Steve Johnson is president and CEO of the Sports Car Club of America. Joining the SCCA staff in June 2000, Steve brought the organization more than 15 years of experience in management, including sales management in the National Hot Rod Association.

Jamie Kitman is a regional editor for Automobile magazine and author of their regular column “Noise, Vibration, and Harshness,” as well as frequent feature articles. Reflecting his broad love of classic cars, Jamie has an eclectic personal collection that includes a Jaguar MkII, Colin Chapman’s own Lotus Cortina, a Jaguar E-Type and a Morris Minor pick-up truck.

Kas Kastner is one of the grand old men of American road racing, having been the team manager for Triumph in the ’50s and ’60s and then moving on to take the same position for Nissan as it became a powerhouse in sports car racing. Nowadays, he is as likely to be found at the tiller of a good sail boat as behind the wheel of a sports car, but he is still a frequent guest speaker at Triumph conventions.

Denise McCluggage is now most active as a columnist for Autoweek magazine and as founder of the Road Runner 1000 in Santa Fe, N.M., but her career goes back to the founding of one of the first motorsports publications in the ’50s while she was at the same time a recognized professional race driver in a variety of different sports cars. She has shared those memories of racing in the ’50s and ’60s in several books, including her “By Brooks Too Broad for Leaping” as well as the text for Tom Burnside’s photographic collection “American Racing.”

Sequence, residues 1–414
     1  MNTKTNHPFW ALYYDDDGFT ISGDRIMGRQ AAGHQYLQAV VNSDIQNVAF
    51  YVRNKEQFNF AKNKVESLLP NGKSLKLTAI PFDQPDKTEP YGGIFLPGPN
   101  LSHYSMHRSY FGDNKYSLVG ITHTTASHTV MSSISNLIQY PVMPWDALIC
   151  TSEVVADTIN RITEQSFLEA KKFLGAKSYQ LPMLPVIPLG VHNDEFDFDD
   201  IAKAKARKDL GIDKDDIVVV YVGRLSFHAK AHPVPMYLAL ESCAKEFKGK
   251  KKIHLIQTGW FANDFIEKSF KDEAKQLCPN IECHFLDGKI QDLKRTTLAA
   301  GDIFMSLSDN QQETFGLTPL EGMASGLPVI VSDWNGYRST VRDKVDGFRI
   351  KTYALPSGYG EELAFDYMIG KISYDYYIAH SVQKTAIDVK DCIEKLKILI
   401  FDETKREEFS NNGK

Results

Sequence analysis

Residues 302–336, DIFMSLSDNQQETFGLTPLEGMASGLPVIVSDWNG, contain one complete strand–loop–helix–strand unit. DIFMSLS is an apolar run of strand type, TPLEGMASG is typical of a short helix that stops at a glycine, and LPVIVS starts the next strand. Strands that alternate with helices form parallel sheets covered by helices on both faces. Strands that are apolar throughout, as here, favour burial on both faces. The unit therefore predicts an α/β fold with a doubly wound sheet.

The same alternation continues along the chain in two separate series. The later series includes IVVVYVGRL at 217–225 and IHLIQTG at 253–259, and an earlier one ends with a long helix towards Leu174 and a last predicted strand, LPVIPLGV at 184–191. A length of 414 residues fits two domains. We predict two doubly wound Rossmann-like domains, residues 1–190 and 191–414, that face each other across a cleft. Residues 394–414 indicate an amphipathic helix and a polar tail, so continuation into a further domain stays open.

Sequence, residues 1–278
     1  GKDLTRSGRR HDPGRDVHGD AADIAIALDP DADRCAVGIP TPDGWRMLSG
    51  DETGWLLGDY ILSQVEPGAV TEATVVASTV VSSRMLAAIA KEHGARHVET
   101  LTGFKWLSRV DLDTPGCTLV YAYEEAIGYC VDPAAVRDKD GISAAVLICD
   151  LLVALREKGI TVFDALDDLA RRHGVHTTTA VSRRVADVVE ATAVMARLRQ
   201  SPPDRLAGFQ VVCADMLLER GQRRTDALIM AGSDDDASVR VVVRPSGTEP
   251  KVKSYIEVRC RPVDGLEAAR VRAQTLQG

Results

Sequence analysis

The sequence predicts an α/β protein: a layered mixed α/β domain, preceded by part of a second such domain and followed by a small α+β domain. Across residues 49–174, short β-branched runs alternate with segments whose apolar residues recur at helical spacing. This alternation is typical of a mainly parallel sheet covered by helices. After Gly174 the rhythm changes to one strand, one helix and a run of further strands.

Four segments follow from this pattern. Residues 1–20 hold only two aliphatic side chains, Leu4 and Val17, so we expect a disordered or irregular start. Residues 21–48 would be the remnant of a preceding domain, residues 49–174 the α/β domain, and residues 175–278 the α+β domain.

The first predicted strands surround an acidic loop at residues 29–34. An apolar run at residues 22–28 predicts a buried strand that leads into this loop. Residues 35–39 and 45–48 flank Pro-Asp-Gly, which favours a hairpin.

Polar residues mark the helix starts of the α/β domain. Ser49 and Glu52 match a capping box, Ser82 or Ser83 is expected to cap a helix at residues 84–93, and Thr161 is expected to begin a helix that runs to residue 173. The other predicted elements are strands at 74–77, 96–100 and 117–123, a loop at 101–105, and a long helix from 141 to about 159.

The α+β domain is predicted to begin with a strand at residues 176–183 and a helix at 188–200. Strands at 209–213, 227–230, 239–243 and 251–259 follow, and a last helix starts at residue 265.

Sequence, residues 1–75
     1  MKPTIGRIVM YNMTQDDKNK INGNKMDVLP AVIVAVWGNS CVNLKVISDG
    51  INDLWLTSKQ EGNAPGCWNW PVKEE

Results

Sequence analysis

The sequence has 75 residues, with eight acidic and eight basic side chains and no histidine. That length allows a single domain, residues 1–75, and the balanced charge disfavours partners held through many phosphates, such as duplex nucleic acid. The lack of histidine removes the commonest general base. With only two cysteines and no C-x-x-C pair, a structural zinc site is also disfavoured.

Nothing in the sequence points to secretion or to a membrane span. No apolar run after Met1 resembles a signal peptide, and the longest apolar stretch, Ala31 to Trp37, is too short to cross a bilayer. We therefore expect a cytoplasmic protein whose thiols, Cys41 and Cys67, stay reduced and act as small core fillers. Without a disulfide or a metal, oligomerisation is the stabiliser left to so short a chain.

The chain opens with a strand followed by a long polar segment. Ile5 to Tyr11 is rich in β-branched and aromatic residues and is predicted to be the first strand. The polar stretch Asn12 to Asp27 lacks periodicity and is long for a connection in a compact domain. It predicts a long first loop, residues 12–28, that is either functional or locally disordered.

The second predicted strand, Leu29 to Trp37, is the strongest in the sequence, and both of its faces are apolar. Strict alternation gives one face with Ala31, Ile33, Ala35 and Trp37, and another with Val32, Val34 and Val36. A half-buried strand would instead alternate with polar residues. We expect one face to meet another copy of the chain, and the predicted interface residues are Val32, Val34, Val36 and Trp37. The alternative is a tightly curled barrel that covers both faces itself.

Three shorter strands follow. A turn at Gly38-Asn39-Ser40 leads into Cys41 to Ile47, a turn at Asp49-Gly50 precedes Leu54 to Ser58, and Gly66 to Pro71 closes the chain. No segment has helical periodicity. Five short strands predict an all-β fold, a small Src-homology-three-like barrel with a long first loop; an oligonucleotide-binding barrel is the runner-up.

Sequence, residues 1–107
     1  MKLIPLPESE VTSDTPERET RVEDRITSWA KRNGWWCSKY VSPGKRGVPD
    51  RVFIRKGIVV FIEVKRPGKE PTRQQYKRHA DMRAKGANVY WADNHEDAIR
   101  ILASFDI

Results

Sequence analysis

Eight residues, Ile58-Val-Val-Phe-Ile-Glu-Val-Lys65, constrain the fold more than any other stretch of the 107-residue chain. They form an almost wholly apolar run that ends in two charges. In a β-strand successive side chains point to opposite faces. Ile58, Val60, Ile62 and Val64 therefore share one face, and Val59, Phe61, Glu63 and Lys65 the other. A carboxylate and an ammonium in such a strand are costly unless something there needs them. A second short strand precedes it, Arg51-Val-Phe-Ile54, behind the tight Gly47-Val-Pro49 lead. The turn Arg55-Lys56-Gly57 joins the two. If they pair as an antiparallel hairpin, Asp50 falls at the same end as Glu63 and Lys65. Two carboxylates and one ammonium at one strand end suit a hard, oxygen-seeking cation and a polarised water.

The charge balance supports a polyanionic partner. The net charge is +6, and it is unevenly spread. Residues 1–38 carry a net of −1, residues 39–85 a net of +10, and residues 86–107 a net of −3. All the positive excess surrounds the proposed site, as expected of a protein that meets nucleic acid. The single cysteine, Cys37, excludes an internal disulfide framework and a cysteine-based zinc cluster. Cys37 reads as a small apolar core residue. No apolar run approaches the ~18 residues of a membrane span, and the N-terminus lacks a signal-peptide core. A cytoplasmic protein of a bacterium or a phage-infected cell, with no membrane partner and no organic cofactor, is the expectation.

Barry Meguiar is more than just the president of Meguiar’s Car Care Products, though his company’s products are recognized as among the best at keeping classic cars looking their best on show fields all over the world. As organizer of an annual award for the classic car hobby’s person of the year, as well as host for radio and TV shows about classic cars, he has contributed significantly to increasing the visibility of the hobby.

Rob Myers is the founder and director of RM Auctions based in Ontario, Canada, which each year stages the largest sports car auction in the country, held during the Monterey Historics weekend in August. RM Auctions also stages sales in conjunction with various other high-end events, including Amelia Island and Meadowbrook Concours, and at the Biltmore Resort in Phoenix each January.

Tim Suddard is co-founder of Motorsport Marketing, creator and publisher of Grassroots Motorsports, and now publisher of the companion magazine, Classic Motorsports. Tim discovered his love for cars growing up in his father’s Ford dealership in Massachusetts.

Howard Turner is chief executive of the Sportscar Vintage Racing Association and Historic Sportscar Racing. A lawyer by training and profession, Howard has been an active vintage racer for almost 25 years. He was one of the partners who started the Walter Mitty Challenge at Road Atlanta in the mid-’70s, which grew into HSR. In 2000, HSR and SVRA were brought together in a cross-ownership alliance.